NEWS GLEAMS | Commission Adopts Final City Council Map; Ingraham HS Students Protest Gun Violence

A round-up of news and announcements we don’t want to get lost in the fast-churning news cycle!

curated by Vee Hua 華婷婷

✨Gleaming This Week✨

Map depicting the updated Seattle City Council districts created by the Seattle Redistricting Commission.
Screenshot of the final Seattle City Council district map.

Seattle Redistricting Commission Adopts Final City Council Map

The Seattle Redistricting Commission voted on Nov. 8 to adopt the Seattle City Council’s final district plan. It came following a year of work, where the commission took into consideration months of public engagement and worked with geographic information system (GIS) mapping tools. The newly adopted plan follows Washington State and Seattle City Charter regulations — including the requirement that the population of the largest district shall exceed the population of the smallest district by no more than 1%. The adopted map is based off of the commission’s final amended draft from Oct. 31.

The final map can be viewed online via an interactive map and compared with the current city boundaries. For more information, visit the Seattle Redistricting Commission’s webpage

The map includes changes to all seven City Council electoral districts, and information about the Council Districts can be found on the Seattle Department of Neighborhood’s website. The boundaries of Districts 1, 2, 5, and 6 have been expanded to increase their populations, and the boundaries of Districts 3, 4, and 7 have been contracted to decrease their populations.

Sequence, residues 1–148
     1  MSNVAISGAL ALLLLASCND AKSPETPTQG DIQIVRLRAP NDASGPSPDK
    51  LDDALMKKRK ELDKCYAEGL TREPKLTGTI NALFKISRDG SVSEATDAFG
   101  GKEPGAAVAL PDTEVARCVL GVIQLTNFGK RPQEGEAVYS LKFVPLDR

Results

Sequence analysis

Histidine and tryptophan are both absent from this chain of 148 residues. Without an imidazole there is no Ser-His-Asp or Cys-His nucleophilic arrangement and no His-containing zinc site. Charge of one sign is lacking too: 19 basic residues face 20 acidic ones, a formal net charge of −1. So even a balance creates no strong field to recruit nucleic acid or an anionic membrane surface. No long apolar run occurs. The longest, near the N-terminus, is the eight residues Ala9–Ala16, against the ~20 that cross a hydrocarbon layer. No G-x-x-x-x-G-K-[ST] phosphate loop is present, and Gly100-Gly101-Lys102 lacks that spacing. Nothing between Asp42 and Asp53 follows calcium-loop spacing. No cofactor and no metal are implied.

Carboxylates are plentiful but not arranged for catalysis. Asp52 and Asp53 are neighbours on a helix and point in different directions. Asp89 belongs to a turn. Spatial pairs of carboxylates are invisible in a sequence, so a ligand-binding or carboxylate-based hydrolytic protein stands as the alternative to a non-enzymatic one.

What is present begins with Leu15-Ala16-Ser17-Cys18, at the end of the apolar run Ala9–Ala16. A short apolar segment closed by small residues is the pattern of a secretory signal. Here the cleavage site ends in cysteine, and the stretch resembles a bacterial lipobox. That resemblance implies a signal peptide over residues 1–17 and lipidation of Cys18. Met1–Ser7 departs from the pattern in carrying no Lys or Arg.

Relatedly, on Friday, Nov. 18, four organizers from Redistricting Justice for Seattle (RJS) Coalition will analyze Seattle’s 2022 redistricting results. RJS is “a coalition of organizations who advocate for fair redistricting lines for People of Color, renters, and low-income people”; the coalition reported in a press release that the final redistricting map is 93% similar to the proposal they submitted in July. They report some of this year’s redistricting feats as “undoing the division of Yesler Terrace and Chinatown-International District, keeping South Seattle whole within one district, and protecting renters and students in the University District.”